Opening a second location of your bar can either be a great idea or a terrible one. You have to do it when the time is right, but when is that?
It’s important to not expand to an additional location before your first is established as a brand, as a location with steady customers.
Less than two weeks ago, Sother Teague opened the second location of his bar, in Williamsburg, Brooklyn.
He opened the first location of Amor y Amargo (number 94 on the 2019 World's Best Bar List) in New York City eight-and-a-half years ago. In that time, it’s garnered a loyal following. But his second location is in Williamsburg, Brooklyn, just a mile-and-a-quarter away, but across a river that can seem foreboding to Manhattanites.
Would the brand translate well there? Would it get a following?
Less than a fortnight in, the bar’s doing well. It’s attracted people from the local neighborhood who’d never heard of the original location, Teague says. But it’s also received support from the first bar, with regulars from visiting the new one.
Check this out: A Deep Dive into HIDE, Part One: Funding, Opening and Expansion
Despite his experience in the field, Teague was nervous. “There was a layer of stress added to this one because there’s the reputation of the original Amor y Amargo—there’s a standard to uphold,” he says. “Amor y Amargo has a reputation for being hospitable and unique and intimate, so we had to replicate this, and people would have to get that it’s a duplicate but still has its own personality.”
The Williamsburg location is clearly tied to the first, with the same name, same color scheme, barstools and signage, same retail outlet, but they’re not cookie-cutter locations—each has its own personality and the second bar is around three times larger than the first.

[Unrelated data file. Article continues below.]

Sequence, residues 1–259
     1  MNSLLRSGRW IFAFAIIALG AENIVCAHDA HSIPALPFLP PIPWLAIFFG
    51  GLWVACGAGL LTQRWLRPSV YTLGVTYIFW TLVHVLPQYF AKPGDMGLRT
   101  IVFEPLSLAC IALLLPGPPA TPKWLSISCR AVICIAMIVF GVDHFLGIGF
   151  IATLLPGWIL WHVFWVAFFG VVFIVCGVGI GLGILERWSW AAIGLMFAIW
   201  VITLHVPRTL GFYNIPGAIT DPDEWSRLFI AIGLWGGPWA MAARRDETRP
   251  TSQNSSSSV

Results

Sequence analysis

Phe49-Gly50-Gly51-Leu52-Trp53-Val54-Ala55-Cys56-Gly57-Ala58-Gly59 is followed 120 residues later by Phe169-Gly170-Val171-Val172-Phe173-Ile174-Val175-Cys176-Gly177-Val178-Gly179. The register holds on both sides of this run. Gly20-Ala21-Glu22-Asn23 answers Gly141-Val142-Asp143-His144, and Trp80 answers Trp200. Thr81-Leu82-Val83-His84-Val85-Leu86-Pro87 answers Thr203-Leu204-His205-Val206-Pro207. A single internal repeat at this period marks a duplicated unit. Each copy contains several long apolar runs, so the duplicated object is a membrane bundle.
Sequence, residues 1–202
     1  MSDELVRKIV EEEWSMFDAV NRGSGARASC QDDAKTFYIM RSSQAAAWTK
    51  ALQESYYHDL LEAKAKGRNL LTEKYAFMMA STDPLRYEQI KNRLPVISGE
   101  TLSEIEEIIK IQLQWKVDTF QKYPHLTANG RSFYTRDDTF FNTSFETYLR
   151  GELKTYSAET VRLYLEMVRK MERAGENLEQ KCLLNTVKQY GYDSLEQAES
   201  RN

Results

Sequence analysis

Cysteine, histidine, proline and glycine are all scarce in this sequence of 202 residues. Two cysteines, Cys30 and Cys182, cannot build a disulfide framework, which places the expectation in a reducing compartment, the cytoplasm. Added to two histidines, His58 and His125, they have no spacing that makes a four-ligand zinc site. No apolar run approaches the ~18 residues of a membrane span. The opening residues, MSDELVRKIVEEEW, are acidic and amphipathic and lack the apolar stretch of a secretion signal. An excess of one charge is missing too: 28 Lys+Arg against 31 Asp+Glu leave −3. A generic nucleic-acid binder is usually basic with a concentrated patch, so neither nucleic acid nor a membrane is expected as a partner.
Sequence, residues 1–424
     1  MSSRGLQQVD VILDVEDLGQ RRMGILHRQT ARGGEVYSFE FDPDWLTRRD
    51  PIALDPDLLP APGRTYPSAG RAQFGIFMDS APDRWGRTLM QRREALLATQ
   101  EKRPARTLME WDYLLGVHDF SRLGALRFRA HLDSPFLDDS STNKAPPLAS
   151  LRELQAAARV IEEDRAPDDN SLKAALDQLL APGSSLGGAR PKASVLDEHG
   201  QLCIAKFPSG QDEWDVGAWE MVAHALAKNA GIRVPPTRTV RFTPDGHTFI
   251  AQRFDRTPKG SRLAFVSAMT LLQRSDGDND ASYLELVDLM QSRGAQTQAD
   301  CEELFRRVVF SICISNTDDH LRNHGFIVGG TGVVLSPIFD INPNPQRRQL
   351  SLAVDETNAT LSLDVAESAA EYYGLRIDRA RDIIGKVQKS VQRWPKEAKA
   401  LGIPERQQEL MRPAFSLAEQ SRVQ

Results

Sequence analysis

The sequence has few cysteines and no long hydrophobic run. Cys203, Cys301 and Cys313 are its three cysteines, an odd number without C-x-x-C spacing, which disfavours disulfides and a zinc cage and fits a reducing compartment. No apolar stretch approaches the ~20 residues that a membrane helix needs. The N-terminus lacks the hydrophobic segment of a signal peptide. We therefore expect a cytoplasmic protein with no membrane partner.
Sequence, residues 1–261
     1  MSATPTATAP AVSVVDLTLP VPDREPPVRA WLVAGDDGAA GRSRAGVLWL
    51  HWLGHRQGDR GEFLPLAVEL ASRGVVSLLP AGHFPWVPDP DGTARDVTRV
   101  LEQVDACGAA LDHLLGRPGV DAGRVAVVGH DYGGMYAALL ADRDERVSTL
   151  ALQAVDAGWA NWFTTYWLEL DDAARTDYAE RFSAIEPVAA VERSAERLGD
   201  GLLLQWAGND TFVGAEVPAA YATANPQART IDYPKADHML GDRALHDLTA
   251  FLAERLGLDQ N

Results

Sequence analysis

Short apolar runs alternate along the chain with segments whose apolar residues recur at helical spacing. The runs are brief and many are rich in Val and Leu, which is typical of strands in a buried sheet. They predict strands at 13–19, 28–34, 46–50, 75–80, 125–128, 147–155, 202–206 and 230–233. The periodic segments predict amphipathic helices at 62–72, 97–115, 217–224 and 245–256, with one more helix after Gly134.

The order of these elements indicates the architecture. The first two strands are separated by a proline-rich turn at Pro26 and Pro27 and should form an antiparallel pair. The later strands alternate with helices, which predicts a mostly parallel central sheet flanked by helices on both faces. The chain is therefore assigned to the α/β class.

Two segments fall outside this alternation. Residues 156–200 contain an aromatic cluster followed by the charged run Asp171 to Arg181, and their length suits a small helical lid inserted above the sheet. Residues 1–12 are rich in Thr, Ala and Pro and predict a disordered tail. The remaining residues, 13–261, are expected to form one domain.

Teague was also worried about cannibalization, not wanting to lose sales from his East Village bar, but says they’re far enough away for that not to be a concern. He even considered them being farther apart. When he started thinking about a second location two years ago, he contemplated opening in other cities, but knew he’d have distribution issues with the bitters the bars’ menus are built around.
Plus, by staying in New York City, he could springboard his second location because there was already name recognition. This has offered additional benefits. He’s combined the social media—Instagram, Facebook and Twitter—for the two and used it to market the Williamsburg bar.
Doing so has meant he hasn’t had to add to his own already-packed day with yet more social media. “I don’t have the bandwidth to do two,” he says. And because of word-of-mouth spreading, news of the second location was quickly picked up by local publications like Eater and GrubStreet.
There has also been a staffing benefit. Some employees from the original location are temporarily in Brooklyn, “to get it off the ground and help us maintain standards,” Teague says. “To have my team that’s been working with me for a long time has really calmed my nerves.”
And while Teague himself has been at the new location more over the opening period, he’s empowering employees there to make it theirs. “I am the face of the original bar. We are letting people build their reputation and empowering them at the Williamsburg Amor y Amargo, and I want them to be invested in my bar. I want us all to grow and move forward, and it’s about a team. I want people to have a presence, to have an impact, to have some pride in their work.”
Visit Amor y Amargo